Marvin Lucas (Peter Boyle), a political election specialist, must find a Democratic candidate to oppose California U.S. Senator Crocker Jarmon (Don Porter), a popular Republican. With no big-name Democrat eager to enter the unwinnable race, Lucas seeks out Bill McKay (Robert Redford), the idealistic, handsome, and charismatic son of former California governor John J. McKay (Melvyn Douglas).
Lucas gives Bill McKay a proposition: since Crocker Jarmon cannot lose and the race is already decided, McKay is free to campaign saying exactly what he wants. McKay accepts in order to have the chance to spread his values, and hits the trail. With no serious Democratic opposition, McKay cruises to the nomination on his name alone. Lucas then has distressing news: according to the latest election projections, McKay will be defeated by an overwhelming margin. Lucas says the party expected McKay to lose but not to be humiliated, so he moderates his message to appeal to a broader range of voters.
McKay campaigns across the state, his message growing more generic each day. This approach lifts him in the opinion polls, but he has a new problem: Because McKay's father has stayed out of the race, the media speculates his silence is an endorsement of Jarmon. McKay grudgingly meets his father and tells him the problem, and the elder McKay tells the media he is simply honoring his son's wishes to stay out of the race.
McKay continues to gain in the polls until he is only nine points down. Jarmon then proposes a debate. McKay agrees to give answers tailored by Lucas, but just as the debate is ending, McKay has a pang of conscience and blurts out that the debate had not addressed real issues such as poverty and race relations. Lucas is furious, as this will hurt the campaign. The media try to confront McKay backstage, but arrive as his father congratulates him on the debate; instead of reporting on McKay's outburst, the story becomes the reemergence of the former governor to help his son. The positive story, coupled with McKay's father's help on the trail, further closes the polling gap.
With election day a few days away, Lucas and McKay's father set up a meet and greet with a Labor Union representative to discuss another possible endorsement. During the meeting, the Union representative tells McKay that he feels that they can do a lot of good for each other if they work together. McKay ostensibly tells him that he is not interested in associating with him, but the tension is quelled with uncomfortable yet unanimous laughter. After a publicized endorsement with the Union rep, and with Californian workers now behind him, McKay pulls into a virtual tie.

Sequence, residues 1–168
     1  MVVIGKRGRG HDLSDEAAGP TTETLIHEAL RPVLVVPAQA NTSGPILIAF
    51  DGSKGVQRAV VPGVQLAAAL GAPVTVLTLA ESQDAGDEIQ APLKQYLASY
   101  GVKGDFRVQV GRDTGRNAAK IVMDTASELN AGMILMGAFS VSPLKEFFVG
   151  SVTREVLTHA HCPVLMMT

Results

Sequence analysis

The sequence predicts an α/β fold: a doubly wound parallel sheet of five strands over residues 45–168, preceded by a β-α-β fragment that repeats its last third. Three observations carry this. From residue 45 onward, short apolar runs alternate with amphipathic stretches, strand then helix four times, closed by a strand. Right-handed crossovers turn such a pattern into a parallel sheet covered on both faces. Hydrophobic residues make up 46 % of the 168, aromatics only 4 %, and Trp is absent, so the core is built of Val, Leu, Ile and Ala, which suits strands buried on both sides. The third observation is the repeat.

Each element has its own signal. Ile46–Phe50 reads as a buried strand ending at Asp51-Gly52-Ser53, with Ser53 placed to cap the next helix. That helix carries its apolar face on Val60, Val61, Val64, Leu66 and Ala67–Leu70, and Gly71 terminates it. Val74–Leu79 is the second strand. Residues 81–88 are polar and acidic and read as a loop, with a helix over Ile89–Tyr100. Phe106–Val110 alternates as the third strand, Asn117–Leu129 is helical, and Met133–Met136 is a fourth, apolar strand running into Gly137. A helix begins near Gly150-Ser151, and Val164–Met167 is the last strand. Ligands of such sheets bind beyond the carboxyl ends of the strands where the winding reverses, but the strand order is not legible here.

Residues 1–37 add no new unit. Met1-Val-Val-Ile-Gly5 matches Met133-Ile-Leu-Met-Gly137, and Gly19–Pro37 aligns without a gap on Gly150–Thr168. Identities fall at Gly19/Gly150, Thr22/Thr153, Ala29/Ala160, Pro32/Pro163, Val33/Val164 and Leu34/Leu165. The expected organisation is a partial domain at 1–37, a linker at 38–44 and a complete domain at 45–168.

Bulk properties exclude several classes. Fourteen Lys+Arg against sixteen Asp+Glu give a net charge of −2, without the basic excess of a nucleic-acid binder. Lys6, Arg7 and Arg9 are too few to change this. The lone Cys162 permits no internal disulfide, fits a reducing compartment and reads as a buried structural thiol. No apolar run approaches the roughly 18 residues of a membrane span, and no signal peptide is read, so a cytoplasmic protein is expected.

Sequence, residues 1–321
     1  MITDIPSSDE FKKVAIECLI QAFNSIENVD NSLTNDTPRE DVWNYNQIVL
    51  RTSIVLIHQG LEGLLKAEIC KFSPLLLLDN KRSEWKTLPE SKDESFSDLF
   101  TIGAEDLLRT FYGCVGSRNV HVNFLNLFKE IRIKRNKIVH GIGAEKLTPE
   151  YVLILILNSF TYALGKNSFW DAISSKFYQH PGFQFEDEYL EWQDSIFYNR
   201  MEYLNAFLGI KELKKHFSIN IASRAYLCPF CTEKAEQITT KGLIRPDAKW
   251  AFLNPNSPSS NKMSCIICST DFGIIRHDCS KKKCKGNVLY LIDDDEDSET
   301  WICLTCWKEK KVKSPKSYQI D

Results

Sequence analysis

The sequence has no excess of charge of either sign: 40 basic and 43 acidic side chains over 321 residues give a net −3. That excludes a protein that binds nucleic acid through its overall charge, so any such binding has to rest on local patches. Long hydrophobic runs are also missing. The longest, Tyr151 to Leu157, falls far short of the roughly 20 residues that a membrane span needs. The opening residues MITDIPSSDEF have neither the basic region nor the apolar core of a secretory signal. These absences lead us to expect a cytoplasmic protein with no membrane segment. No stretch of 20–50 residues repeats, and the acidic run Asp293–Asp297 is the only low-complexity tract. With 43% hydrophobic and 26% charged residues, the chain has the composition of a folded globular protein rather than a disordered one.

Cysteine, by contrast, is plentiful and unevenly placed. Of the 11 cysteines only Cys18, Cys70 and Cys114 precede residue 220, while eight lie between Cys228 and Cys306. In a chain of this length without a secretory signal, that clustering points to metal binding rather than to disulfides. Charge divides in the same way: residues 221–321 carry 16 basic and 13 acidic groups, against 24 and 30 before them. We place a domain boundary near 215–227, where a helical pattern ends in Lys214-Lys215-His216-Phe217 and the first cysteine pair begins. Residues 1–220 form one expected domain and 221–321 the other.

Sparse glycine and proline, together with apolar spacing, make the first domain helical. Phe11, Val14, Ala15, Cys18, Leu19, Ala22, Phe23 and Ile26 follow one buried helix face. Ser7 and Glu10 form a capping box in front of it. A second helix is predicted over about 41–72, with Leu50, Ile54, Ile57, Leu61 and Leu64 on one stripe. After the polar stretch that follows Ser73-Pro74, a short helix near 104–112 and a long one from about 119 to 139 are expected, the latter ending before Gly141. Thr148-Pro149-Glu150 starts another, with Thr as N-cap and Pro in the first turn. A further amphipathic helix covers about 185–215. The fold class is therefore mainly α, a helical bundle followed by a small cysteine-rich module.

On election day, McKay wins. In the final scene, he escapes the victory party and pulls Lucas into a room while throngs of journalists clamor outside. McKay asks Lucas, "Marvin ... What do we do now?" The media throng arrives to drag them out, and McKay never receives an answer.
The character of McKay is based on US Senator John V. Tunney. Director Michael Ritchie worked for Tunney's campaign in the 1970 Senate election. In the campaign, Tunney's media adviser had "bulls-eyed the young/old contrast" between Tunney and incumbent opponent George Murphy.
Ritchie, Redford and writer Jeremy Larner spent the whole summer of 1971 putting together the script. The scene where McKay is berated in a men's room is based on an incident that happened to presidential candidate Eugene McCarthy. In the original script, there was a dialogue planned for McKay's mistress, however was cut by Redford's request. Larner, stunned by Redford's concept of his personal image, stated that "[Redford] told me his public would not accept the mistress as a personality."
Redford was reunited with Natalie Wood who made a cameo appearance as herself, after she had semi-retired in 1970. The two had co-starred in the 1965 film Inside Daisy Clover, as well as the 1966 film This Property Is Condemned.
The film was critically acclaimed, with most praise going towards the script and lead performance. New York Times reviewer Vincent Canby applauded Redford's performance and commented that "The Candidate is serious, but its tone is coldly comic, as if it had been put together by people who had given up hope."
Christopher Null, from filmcritic.com, gave the film 4.5/5, and said that "this satire on an American institution continues to gain relevance instead of lose it."
The film holds a 'fresh' score of 95% on review aggregate Rotten Tomatoes, based on eighteen critical reviews.
The film won a Best Writing Oscar for Larner and was also nominated for Best Sound (Richard Portman and Gene Cantamessa).